Yesterday, after dropping the big kids at school, my youngest child and I were walking home beneath a churning gray sky through sidewalks and lawns thick with leaves. Over and over again, he pulled lovely little leaf bodies from beneath our feet and said, “Can I save dis one to take to school on Monday?”
Me: If you want to take a school to leaf on Monday, you should choose it on Monday morning because the one you’re holding will have shriveled up and turned to dust by then.
Him: What about dis one?
Me: That one, too.
Him: What about dis one?
Me: That one, too.
And then, fat red lip thrust forward, he said: But that makes me sad!
So, being the wise, worldly woman I am, I began a rambling discourse about how we need the leaves to disintegrate quickly because otherwise we’d be overwhelmed by them and furthermore, their deteriorating selves feed the earth with the lifestuff it needs to regenerate in the spring and, well, you can imagine the rest. He may or may not have had any clue what I was talking about, but I went on, just to be sure I had sagely laid to rest the annual crisis of autumn.
Later, I reported to my husband that we’d had a Gerald-Manley-Hopkins moment. (Quite possibly, I am the first person ever to compose that exact sentence.) Do you know the poem “Spring and Fall“? It’s sweetly sad in that 19th-century way, a meditation on the seasons and on death and on grief. I once doubted that its subtitle “To a Young Child” was realistic: After all, what young child mourns the loss of the leaves in the fall? Our young child, of course.
I ought to have known that we would produce a child inclined to such contemplation and melancholy. We are autumn people. Married eleven years (as of yesterday), we have wallowed in the falls of every one. That is one reason we love pumpkin so much: Cinnamon and clove proffer nostalgia, coating the tongue with the tenderest kind of sadness, the kind that looks always backward and forward all at once.
Before I drift any further into a self-indulgent exploration of time’s passage, I’ll cut to the chase. I have another pumpkin recipe to share here. My last post was a twofer, the heart of it dedicated to Powerfully Pumpkin Bread and a post-it note addendum for Pumpkin Creme Brulee at the bottom. This one will (eventually) be about individual pumpkin cheesecakes, ideal for feeding your own hunky husband, if you happen to have an autumnal anniversary… or a little bit of canned pumpkin left over from your batch of pumpkin bread…or just a craving for something yummy on a Saturday night. But, before I show you how to do that, let me show you all the pumpkin shenanigans from our house this morning. If these photos don’t demonstrate why the passage of each autumn is something worth grieving, then I don’t know what would. (Yes, we somehow managed not to carve our pumpkins until the day of Halloween!)
I heard a rumor that not everyone carves pumpkins shirtless, but my crew all goes into the guts up to their elbows. Plus, there’s a certain amount of shrapnel that’s inevitable in the carving process. Thus, they shed their shirts:
But it turned out alright. Here they all are, trying to look like the jack-o-lanterns they designed:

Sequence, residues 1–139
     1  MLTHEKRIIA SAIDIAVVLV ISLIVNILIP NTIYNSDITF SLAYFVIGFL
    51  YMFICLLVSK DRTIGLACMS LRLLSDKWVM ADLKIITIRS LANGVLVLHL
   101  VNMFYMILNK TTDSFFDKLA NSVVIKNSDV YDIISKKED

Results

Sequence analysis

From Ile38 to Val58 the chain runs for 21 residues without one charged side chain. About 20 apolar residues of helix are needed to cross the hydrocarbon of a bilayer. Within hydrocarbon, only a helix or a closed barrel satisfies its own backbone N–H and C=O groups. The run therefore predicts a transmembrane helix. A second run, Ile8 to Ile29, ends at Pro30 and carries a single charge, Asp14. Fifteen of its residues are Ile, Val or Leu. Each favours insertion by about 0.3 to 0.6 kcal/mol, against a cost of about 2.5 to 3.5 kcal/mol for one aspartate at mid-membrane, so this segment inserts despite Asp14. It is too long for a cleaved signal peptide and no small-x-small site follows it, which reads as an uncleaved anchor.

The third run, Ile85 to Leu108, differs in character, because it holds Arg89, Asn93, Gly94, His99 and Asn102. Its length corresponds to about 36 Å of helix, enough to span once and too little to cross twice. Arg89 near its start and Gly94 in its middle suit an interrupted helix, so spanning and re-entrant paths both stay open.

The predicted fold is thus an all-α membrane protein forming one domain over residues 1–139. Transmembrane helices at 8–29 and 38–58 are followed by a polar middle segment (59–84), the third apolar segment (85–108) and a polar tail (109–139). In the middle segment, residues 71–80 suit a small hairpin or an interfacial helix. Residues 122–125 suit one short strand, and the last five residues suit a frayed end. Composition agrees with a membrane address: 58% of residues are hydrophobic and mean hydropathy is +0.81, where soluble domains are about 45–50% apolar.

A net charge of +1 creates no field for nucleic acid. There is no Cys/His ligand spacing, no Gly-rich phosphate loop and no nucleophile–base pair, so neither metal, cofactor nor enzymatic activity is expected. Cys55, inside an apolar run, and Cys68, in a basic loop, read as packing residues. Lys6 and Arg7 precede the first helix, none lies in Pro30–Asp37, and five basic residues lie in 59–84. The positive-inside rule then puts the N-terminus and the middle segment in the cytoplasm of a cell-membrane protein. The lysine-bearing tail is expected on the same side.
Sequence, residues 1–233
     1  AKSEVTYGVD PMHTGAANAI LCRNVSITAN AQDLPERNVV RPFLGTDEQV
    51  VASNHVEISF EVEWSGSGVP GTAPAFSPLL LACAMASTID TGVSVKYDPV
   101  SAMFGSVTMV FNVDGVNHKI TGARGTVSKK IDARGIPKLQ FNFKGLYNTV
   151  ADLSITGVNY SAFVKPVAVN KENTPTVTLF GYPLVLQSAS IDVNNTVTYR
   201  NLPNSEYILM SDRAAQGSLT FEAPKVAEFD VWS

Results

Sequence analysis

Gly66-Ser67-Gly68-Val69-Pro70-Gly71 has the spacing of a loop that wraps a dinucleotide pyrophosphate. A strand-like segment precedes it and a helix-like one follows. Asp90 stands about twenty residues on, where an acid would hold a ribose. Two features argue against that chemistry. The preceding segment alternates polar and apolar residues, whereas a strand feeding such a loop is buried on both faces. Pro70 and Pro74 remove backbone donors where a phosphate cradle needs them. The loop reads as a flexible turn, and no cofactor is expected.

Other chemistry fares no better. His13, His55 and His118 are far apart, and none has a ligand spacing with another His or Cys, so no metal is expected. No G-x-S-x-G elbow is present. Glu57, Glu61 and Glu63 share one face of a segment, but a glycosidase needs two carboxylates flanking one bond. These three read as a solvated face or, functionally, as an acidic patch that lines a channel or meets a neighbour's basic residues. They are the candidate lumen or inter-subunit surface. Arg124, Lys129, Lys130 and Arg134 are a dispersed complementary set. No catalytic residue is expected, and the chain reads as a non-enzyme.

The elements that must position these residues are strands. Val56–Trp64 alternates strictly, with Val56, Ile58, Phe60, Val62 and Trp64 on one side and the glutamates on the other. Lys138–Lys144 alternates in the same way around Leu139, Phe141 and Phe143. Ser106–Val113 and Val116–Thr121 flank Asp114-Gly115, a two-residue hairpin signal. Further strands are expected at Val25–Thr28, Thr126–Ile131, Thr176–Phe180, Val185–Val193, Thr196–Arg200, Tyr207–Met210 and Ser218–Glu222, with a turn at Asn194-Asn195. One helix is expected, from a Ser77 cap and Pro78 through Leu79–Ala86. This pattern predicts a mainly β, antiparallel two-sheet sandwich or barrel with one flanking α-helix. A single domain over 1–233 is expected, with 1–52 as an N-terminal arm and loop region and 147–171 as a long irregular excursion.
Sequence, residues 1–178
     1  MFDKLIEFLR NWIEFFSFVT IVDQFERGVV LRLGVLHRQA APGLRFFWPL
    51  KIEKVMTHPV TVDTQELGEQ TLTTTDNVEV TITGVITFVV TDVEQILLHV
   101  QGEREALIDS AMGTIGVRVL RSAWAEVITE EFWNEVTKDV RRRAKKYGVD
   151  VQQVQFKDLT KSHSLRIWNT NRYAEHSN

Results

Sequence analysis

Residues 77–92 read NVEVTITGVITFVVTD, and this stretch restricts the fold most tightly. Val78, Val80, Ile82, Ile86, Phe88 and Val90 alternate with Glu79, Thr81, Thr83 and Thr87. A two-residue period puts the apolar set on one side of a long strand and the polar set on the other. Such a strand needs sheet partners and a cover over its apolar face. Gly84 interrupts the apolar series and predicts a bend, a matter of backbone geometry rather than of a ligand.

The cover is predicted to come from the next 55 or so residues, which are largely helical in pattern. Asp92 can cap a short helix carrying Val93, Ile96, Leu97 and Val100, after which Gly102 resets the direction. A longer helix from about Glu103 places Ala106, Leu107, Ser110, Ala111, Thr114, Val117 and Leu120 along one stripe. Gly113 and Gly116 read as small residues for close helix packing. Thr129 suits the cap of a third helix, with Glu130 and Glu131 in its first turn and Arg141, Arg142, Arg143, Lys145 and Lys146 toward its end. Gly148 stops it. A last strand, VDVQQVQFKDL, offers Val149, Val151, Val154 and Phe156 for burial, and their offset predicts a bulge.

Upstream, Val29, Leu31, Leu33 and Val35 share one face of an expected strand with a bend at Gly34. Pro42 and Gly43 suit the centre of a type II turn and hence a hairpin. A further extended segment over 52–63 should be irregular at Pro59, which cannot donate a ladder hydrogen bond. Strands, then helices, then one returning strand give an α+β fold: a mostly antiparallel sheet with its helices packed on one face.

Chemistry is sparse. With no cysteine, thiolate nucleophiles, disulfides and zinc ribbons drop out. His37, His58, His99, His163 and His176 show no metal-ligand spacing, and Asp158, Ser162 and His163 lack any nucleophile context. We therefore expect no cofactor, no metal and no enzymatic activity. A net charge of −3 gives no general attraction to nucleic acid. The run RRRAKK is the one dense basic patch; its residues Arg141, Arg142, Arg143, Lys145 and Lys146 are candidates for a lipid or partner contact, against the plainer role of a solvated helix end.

And, pumpkins successfully carved and lit up, here they are preparing to trick-or-treat. (In fact, as I write this, they are still prowling the neighborhood!) They are dressed as the characters from How To Train Your Dragon.
The fact that by next year they will be not quite the same selves–that’s the stuff of Gerald Manley Hopkins right there.
Now, the recipe. If it sounds familiar, that means you’ve been paying attention. It’s just the latest iteration of my date-night individual cheesecakes. This one is like a crustless, creamier pumpkin pie. You could certainly give it a crust (the one from this post–my original individual cheesecakes–would work great), but I didn’t want the fuss this week.
Individual Pumpkin Cheesecakes
4 ounces of room temperature cream cheese
3 1/2 tablespoons white sugar
1 egg + 1 egg yolk
1/4 cup sour cream
2 tablespoons canned pumpkin
1/2 teaspoon good-quality pumpkin pie spice
- Preheat your oven to 350 degrees.
- Beat the holy heck out of your cream cheese and sugar, in a stand mixer if you have one handy. I just let mine rip for a while and scrape down the sides of the bowl periodically. Ideally, your sugar will almost dissolve in the cream cheese and the combo will form a fluffy, smooth paste.
- Add the egg and egg yolk. And let it rip again.
4. When the eggs are all perfectly incorporated, add the pumpkin, sour cream (use the super-thick stuff), and the pumpkin pie spice.
Beat it again until it’s totally smooth.
5. Put a kettle of water on to boil. Then pour your batter into two ramekins. (Because I’m not using a crust for this cheesecake, all of my batter will fit into two 7-oz. ramekins.)
6. When your water boils, pour a couple of inches of it into the bottom of a loaf pan and then, gently, ease your ramekins down into the water.
7. Carefully transfer your pan to the oven and bake for 10 minutes. Then turn off the oven and leave the pan in the hot-but-cooling oven for another 30 minutes or so. When you remove the pan, the cheesecakes should still have some jiggle in them.
8. Cool on the countertop and then cover and refrigerate for at least 2 hours or even a couple of days (as though you can stand it that long).
We ate ours last night, which means they are now, sadly, just as vanished as all of the autumns that preceded this one and as all of Friday morning’s lost leaves, now crumbled beneath trick-or-treating feet. And all of those little losses are worth a little bit of grief.